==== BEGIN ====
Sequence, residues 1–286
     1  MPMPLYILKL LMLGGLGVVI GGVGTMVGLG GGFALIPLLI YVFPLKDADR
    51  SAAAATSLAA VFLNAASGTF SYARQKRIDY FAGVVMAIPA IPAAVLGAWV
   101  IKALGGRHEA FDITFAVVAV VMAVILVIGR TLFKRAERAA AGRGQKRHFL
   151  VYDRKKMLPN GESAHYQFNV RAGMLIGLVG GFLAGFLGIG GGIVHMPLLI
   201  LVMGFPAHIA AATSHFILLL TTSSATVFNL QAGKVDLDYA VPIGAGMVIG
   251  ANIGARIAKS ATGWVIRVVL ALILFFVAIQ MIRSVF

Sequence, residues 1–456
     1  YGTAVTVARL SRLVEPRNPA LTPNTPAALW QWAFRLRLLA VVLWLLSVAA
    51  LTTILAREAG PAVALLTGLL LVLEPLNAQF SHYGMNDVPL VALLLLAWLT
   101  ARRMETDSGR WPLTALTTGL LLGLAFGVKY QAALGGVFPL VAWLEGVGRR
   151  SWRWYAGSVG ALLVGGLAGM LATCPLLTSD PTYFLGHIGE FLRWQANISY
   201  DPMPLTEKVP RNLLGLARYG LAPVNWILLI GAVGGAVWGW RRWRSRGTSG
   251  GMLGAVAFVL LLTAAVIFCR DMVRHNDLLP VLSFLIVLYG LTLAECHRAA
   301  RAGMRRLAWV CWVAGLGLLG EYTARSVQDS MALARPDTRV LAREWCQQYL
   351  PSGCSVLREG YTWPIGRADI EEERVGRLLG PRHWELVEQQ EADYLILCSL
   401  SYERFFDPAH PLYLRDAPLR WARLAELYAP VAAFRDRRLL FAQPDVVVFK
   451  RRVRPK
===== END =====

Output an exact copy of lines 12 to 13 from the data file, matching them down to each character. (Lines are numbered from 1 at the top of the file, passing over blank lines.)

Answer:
   151  SWRWYAGSVG ALLVGGLAGM LATCPLLTSD PTYFLGHIGE FLRWQANISY
   201  DPMPLTEKVP RNLLGLARYG LAPVNWILLI GAVGGAVWGW RRWRSRGTSG